Articles Posted in Employment law

CYBER-SECURITY–A VITAL PRECAUTION

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It is time for businesses to give cyber-crime protection high priority; the sooner the better.  The mounting numbers of cyber-attacks on businesses are a serious threat to every sort of commercial enterprise.  Cyber intrusions have become really dangerous, sophisticated, and commonplace.

Businesses are attacked (whether they know it or not) on an average of 16,856 times a year, according to statistics compiled by IBM. That’s 46 attacks every business must deal with every day — or nearly two attacks an hour. Most of these–the vast majority of them–never get past a business’s firewall. But on average, about 1.7 attacks get through.

Are Employee Non-Compete Agreements Still Valid for Low-Level Employees? Non-Compete-Clause-e1417451038467-300x171

Non-compete arguments are staple in every Chicago Business Lawyer’s legal arsenal and a necessary to protect a business under certain circumstances.  A non-compete agreement, also known as a non-competition covenant or clause, is an agreement between an employer and an employee that places restrictions on the employee after the employment relationship ends.  Non-compete agreements can be useful tools for businesses that want to protect their investment in the training and development of their staff.  Typically, these agreements restrict former employees from working for certain competitors for a specified period of time.  Although Illinois courts tend to dislike non-competes, courts will enforce a non-compete agreement if drafted property.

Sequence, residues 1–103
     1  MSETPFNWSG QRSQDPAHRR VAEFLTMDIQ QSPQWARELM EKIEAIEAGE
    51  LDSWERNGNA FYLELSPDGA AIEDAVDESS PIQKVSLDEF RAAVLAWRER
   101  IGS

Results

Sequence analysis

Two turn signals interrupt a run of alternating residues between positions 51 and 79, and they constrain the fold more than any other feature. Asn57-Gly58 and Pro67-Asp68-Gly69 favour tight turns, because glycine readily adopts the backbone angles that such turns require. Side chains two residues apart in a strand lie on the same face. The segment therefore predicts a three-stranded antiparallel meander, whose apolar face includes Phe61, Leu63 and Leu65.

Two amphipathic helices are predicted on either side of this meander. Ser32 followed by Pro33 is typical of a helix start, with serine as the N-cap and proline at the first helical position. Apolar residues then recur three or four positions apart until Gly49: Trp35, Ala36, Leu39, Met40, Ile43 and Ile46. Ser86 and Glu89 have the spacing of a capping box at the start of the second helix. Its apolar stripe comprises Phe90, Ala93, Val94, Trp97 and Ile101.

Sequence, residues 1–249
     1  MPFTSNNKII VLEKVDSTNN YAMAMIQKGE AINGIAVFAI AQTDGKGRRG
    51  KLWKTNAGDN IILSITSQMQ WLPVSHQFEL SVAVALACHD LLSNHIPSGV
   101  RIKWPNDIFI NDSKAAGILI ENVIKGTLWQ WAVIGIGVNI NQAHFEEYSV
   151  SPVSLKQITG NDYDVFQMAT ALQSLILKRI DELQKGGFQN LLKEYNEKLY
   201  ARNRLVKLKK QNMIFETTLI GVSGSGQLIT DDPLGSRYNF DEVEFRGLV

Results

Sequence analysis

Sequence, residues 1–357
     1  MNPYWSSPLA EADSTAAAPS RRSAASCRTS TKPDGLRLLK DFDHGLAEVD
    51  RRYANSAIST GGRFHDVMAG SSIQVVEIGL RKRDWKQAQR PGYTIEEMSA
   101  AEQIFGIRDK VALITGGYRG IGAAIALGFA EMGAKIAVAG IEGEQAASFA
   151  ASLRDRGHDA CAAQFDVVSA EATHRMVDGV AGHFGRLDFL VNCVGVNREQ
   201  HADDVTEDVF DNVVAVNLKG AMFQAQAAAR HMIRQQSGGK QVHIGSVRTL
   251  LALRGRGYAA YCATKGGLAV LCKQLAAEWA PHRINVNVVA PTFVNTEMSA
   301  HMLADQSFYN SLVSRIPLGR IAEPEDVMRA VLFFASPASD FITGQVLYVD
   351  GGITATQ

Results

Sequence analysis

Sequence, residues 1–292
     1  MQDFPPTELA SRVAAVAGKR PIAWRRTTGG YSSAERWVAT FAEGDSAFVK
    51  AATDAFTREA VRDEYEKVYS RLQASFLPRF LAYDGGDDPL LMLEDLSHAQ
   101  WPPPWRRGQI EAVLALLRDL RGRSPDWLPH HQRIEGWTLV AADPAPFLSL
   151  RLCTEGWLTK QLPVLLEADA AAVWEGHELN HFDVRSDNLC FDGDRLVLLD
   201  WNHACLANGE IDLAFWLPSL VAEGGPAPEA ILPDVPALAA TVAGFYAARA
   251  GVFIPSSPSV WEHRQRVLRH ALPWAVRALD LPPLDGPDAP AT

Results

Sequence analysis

When considering the enforceability of non-compete agreements, Illinois courts look to see if the agreement is reasonable and supported by adequate consideration.  In particular, when determining the reasonableness of a non-compete, the court considers whether the terms of the agreement are no more than what is required to protect the legitimate business interest of the employer, and narrowly tailored in terms of time, activity and place.

Aerial-fall-Lincolnpark-300x158Blockchain and Chicago Businesses

In September of 2015, the Global Agenda Council on the Future of Software and Society’s World Economic Forum[1] predicted that by 2025, 10% of GDP will be stored on blockchains or blockchain related technology.  If you are a Chicago business owner and you are unsure what that means or how it might affect your company, you want to speak to a Chicago business attorney as soon as possible to learn all that you can about this rapidly growing technology.

What Is Blockchain Technology?

dental officeDentists face new problems with overtime for their employees.  The Fair Labor Standards Act[1] (FLSA) sets forth standards for both minimum wages and overtime pay as well as record keeping for businesses.  Whether your dental practice consists of two employees or a hundred employees spread across three office locations, federal law requires that all dental offices comply with FLSA overtime regulations by December 1, 2016.

Exempt Versus Non-Exempt Employees

In order to determine if you are in compliance with FLSA regulations, the first step is to review which employees are designated as exempt, and not owed overtime wages, versus non-exempt. FLSA rules establish three types of exempt employees[2] which are defined by an individual’s employment description rather than their job title including: